The early days of Colts training camp didn’t offer much in the way of depth cornerbacks standing out amongst the crowd. However, in the last week or so, Jackson has done a nice job in all aspects of the position. He’s a solid tackler, he has been much better in coverage and has done well breaking on the ball in front of him.
Jackson has showed the speed to recover when initially beat deep as well as the willingness to stop the run just as he did Thursday night when he limited Rashaad Penny to a very short gain after crashing the box. With what we currently have on my roster, the Colts have four corners who can play on the boundary, but only two who have nickel abilities. Jackson offers some of that versatility as well.
First 5 Out:
Simply put, Morrison is always going to be in the mix because of his physicality and aggression — he just is. He didn’t get a ton of reps in Seattle, but it’s very clear what he does, and doesn’t bring to the conversation. Morrison is a hard worker, he’d literally go head-on into a brick wall if a football was stuck to it and he adds some attitude to a very young and experienced linebacker corps.
On the other hand, it’s just as obvious what he doesn’t have: speed, coverage ability and consistency. Unfortunately for Morrison, these are all aspects Chris Ballard and Frank Reich are wanting to become staples from their defensive talent.
Daniels isn’t the only tight end on the roster bubble by any means. The common assumption is that he and Ross Travis will be battling it out all preseason for the final spot at the position. He caught a touchdown Thursday night in Seattle, and has a real toughness about him that is appreciated by his teammates and coaching staff.
Daniels has some physical limitations, namely speed and size in comparison to the rest of those at the position, but he does have the intangibles. This will be one to watch very closely over the next few weeks, but right now, I just don’t see that he offers as much as the others.
Earlier when talking about Robert Jackson, we touched on the ability to play in the nickel role. White will be in the mix for that reason and a couple others as the preseason continues. He was active in the Colts preseason matchup with the Seahawks, accumulating 2 solo tackles and offering some quality coverage in limited time.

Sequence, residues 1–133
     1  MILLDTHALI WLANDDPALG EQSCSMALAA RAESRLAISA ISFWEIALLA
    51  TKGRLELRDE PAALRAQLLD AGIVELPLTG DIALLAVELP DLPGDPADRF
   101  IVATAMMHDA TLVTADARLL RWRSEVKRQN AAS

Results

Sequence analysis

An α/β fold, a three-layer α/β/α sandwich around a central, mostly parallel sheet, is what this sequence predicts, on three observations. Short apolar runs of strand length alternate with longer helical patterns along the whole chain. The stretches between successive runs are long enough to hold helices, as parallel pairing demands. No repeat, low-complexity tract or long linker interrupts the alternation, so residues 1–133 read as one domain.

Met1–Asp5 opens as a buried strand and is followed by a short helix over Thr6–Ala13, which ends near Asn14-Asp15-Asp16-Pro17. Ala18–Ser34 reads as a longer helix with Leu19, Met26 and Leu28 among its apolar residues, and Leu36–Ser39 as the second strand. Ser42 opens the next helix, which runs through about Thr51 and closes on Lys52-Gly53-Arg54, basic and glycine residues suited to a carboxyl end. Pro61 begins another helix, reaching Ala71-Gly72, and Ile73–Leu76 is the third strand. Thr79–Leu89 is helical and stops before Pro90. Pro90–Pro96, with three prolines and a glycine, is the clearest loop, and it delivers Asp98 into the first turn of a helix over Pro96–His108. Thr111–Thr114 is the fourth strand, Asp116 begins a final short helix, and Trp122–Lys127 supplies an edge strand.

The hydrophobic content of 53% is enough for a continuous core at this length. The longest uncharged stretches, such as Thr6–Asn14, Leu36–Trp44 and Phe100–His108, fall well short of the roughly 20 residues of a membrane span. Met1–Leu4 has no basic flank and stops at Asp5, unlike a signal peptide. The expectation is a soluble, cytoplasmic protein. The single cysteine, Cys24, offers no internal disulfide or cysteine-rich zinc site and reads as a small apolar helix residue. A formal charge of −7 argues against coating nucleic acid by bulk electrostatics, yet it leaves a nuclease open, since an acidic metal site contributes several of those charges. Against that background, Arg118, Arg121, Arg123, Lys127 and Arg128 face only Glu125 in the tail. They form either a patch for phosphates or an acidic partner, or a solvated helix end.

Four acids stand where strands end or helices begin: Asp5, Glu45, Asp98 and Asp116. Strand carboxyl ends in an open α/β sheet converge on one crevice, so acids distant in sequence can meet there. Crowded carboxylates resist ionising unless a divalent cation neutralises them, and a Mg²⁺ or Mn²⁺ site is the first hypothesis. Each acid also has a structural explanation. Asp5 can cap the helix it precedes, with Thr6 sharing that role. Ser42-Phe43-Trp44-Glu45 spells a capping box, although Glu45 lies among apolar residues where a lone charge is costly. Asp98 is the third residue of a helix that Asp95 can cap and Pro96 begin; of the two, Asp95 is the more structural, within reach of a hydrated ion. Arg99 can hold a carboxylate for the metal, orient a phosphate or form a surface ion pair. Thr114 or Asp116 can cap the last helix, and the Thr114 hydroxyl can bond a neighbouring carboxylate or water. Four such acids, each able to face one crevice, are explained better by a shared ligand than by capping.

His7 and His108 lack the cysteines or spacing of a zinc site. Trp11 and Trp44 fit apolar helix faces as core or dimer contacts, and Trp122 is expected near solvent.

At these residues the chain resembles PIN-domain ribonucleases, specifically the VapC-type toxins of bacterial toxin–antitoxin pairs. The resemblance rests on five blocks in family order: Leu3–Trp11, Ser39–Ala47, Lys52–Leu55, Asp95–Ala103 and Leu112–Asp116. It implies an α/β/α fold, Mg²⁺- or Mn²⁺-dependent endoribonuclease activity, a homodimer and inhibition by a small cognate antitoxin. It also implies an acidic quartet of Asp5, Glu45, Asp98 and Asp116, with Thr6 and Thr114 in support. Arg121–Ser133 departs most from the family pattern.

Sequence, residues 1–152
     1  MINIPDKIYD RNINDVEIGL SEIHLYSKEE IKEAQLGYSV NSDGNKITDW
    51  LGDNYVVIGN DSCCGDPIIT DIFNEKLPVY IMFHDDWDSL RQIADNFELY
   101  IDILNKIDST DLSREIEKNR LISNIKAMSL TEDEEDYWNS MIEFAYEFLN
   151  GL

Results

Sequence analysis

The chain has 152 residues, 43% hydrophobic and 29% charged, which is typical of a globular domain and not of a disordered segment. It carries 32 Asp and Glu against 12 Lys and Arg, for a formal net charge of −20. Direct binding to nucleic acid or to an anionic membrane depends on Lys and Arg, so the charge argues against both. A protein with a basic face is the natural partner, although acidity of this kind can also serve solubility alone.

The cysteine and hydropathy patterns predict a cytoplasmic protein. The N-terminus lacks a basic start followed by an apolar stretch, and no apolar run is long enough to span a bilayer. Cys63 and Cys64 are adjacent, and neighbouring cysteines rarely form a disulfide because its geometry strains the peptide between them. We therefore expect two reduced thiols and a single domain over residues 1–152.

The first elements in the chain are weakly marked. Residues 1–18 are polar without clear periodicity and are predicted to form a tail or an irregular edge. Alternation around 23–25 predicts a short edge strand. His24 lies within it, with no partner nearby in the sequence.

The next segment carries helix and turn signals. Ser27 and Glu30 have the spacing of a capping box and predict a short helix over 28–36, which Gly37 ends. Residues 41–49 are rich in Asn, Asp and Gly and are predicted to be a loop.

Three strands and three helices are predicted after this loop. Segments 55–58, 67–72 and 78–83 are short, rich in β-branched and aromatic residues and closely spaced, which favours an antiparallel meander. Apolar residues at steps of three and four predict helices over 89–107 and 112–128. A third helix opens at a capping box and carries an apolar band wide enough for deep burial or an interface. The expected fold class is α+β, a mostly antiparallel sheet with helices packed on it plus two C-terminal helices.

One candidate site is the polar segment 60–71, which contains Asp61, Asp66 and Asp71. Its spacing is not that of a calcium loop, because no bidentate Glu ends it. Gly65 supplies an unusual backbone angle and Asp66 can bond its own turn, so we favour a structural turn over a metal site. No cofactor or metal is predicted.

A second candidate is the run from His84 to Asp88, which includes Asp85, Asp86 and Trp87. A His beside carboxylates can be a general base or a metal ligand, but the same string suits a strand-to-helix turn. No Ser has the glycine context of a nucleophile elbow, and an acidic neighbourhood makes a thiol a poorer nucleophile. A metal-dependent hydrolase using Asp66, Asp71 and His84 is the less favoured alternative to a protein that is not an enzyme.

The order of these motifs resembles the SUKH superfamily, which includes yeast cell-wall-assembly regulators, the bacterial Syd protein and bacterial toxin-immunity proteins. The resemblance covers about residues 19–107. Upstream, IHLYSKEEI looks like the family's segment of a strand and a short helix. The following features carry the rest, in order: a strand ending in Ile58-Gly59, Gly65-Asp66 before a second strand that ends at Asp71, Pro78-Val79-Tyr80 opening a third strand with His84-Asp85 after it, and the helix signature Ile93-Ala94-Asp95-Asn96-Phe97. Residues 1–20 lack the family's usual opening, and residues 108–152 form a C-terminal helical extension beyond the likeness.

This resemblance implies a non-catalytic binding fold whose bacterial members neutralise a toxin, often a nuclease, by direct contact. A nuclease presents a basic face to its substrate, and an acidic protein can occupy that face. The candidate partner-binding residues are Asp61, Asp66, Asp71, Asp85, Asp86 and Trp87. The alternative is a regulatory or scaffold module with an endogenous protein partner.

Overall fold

White was brought in last season by Ballard specifically to offer quality depth to a developing roster, which I think gives him a bit of leverage, but I just don’t think he’s quite as pliable as a few others. One good preseason game could easily put White on the ‘in’ list, which makes this another fun battle to follow throughout the 53-man cut downs.
Similar to a few others on the current 90-man roster, Green will always be in the conversation until this roster’s talent level rises to contender status. He is a physical player and is long and fast, which goes a long way when talent isn’t exactly sitting around every corner for the Colts right now.
Green’s inability to see what he’s hitting leading to missed tackles, his lack of awareness in coverage and lack of fundamentals are constantly leaving the fan base wanting more from him. I think the Colts have shown the willingness to move off of players when chemistry can be improved without them, yet, traits are a large portion of what Ballard looks for in players and could give Green more time when it’s all said and done.
Since being drafted in the seventh round, Adams hasn’t been one of the rookie names heavily talked about. Thursday night, though, Adams showed that he can be disruptive and physical as a SAM backer for the Colts. Adams is more stout than his measurements would suggest, and I think he has enough speed to move around a bit in sub packages.
Adams tipped a pass which nearly led to an interception, and took on all comers in the run game. Adams finished with 2 total tackles in Seattle, and though he technically sits behind Morrison on the depth chart, I think his special teams ability could keep him in the running throughout the preseason.
Here’s a look at the roster with the changes: